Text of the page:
HONG KONG/LONDON (Reuters) – Global shares extended a recent rally on Thursday while safe-haven bonds and currencies eased as markets welcomed signs that the Omicron variant of COVID-19 might be less severe than feared, as well as robust U.S. economic data.
The STOXX index of Europe’s 600 largest shares rose 0.3%, following earlier gains in Asia. Japan’s Nikkei gained 0.57% and MSCI’s broadest index of Asia-Pacific shares outside Japan rose 0.8%.
It put stock markets on course for a third successive day of gains as they recovered from a jolt on Monday when worries about the new coronavirus variant pushed investors to safe-haven assets like the greenback.
“The recent health data from the UK and other places around the world indicate that the worst case is unlikely: even though (Omicron) transmission rates are reportedly higher, this variant seems less virulent and less prone to cause serious illnesses or death,” said David Chao, global market strategist Asia Pacific at Invesco.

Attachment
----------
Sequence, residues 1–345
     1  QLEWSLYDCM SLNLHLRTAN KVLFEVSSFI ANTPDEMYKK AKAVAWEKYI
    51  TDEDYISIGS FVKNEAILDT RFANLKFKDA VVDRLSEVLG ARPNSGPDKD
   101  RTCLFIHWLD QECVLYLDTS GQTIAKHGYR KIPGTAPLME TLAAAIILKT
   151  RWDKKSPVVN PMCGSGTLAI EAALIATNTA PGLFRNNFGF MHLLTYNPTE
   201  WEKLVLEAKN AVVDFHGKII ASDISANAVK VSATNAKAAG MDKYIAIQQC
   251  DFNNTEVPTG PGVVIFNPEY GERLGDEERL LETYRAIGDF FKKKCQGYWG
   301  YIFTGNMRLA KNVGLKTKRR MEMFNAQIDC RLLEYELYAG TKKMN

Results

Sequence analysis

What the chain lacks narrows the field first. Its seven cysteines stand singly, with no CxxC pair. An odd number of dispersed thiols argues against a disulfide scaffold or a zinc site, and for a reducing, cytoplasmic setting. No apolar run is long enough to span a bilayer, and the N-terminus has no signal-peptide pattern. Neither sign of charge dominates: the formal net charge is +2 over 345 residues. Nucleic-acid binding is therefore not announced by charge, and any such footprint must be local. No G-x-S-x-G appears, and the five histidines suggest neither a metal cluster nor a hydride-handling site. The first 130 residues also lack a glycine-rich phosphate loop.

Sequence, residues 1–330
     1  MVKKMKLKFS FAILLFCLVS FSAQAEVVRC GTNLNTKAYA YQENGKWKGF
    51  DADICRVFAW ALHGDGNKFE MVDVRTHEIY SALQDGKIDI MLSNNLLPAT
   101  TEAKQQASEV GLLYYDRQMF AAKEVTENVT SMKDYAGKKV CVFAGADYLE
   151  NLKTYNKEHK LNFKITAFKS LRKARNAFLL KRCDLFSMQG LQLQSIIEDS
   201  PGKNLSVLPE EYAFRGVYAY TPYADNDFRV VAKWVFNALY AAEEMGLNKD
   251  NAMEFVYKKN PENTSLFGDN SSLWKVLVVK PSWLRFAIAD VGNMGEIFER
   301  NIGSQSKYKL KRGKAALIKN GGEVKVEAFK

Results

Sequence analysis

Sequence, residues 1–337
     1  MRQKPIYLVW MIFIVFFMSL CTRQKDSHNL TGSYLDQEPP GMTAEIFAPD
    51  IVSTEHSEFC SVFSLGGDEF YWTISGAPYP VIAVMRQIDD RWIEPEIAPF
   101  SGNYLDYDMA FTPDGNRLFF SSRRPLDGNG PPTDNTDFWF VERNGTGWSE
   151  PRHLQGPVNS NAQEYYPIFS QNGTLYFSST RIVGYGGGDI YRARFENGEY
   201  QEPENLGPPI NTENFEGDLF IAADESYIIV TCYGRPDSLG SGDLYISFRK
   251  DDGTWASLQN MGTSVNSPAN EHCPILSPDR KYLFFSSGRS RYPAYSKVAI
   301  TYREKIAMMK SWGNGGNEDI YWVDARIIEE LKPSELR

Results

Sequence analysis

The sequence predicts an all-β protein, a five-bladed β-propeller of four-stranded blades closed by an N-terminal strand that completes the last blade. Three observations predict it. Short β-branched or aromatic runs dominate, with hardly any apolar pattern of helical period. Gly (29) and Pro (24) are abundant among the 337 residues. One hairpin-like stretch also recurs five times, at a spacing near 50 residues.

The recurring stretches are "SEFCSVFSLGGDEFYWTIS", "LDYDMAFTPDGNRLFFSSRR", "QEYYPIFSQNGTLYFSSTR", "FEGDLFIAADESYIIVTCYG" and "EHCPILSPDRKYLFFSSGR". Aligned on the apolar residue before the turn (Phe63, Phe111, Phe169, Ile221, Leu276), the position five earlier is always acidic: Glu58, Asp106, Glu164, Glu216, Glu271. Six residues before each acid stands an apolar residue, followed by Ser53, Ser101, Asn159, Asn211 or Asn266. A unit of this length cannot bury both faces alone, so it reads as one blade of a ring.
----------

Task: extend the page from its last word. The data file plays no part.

The risk of needing to stay in hospital for patients with the Omicron variant of COVID-19 is 40-45% lower than for patients with the Delta variant, according to research by London’s Imperial College published on Wednesday.
European government bond yields continued to tick up as the trickle of risk sentiment flowing back into the market reduced the need for safe-haven debt. Germany’s 10-year Bund yields hit -0.284%, their highest since late November.